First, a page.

6. #6
    Join Date
    Sep 2006
    Location
    Oslo, Norway
    Posts
    4,083
    Oh, I feel your pain! Quite literally. I've barely been riding this winter, and after two consecutive days commuting I'm beginning to wonder what I ever saw in cycling.

    My experience is that 6 weeks or two months off is enough to make starting again painful. On the other hand, after a week of daily or almost daily riding it does go away, for me. It's also by far the most painful the first ten-fifteen minutes, if I can grin and bear it through that it gets better again.

    I'm talking about bruising, that is the tender feeling you get from pressure directly on your sit bones, NOT chafing or a too narrow saddle. Any sore skin or numbness you need to look at your saddle set-up. 160 sounds wide enough. A too narrow saddle feels like sitting on a hatchet.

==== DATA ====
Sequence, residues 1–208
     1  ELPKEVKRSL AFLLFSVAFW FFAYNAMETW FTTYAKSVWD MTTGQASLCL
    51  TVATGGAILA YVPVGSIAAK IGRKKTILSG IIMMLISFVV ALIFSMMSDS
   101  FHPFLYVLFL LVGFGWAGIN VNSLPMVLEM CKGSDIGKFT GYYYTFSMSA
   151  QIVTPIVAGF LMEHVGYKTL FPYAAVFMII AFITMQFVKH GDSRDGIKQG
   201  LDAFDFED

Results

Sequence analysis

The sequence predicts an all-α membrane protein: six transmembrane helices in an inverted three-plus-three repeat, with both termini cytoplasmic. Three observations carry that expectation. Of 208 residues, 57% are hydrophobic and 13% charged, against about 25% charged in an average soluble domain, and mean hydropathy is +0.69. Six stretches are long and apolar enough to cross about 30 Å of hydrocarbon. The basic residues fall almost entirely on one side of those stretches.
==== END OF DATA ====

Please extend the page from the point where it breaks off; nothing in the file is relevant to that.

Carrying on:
You may need longer than a week since you haven't ridden for longer, but to be honest I think two weeks should cover it.
    Winter riding is much less about badassery and much more about bundle-uppery. - malkin

    1995 Kona Cinder Cone commuterFrankenbike/Selle Italia SLR Lady Gel Flow
    2008 white Nakamura Summit Custom mtb/Terry Falcon X
    2000 Schwinn Fastback Comp road bike/Specialized Jett

  7. #7
    Join Date
    Mar 2016
    Posts
    13
    I was prepared to tough it out but I happened across a killer deal on a road bike seat that's wider. I said what the heck and got it. With my padded bike shorts and the seat, instant relief, I tell ya! My wide butt is rejoicing lol!

    We've got some bad weather about so I did 30 minutes on the trainer and had a happy tooshie.

  8. #8
    Join Date
    Sep 2006
    Location
    Oslo, Norway
    Posts
    4,083
    Great :-D
    Winter riding is much less about badassery and much more about bundle-uppery. - malkin

    1995 Kona Cinder Cone commuterFrankenbike/Selle Italia SLR Lady Gel Flow
    2008 white Nakamura Summit Custom mtb/Terry Falcon X
    2000 Schwinn Fastback Comp road bike/Specialized Jett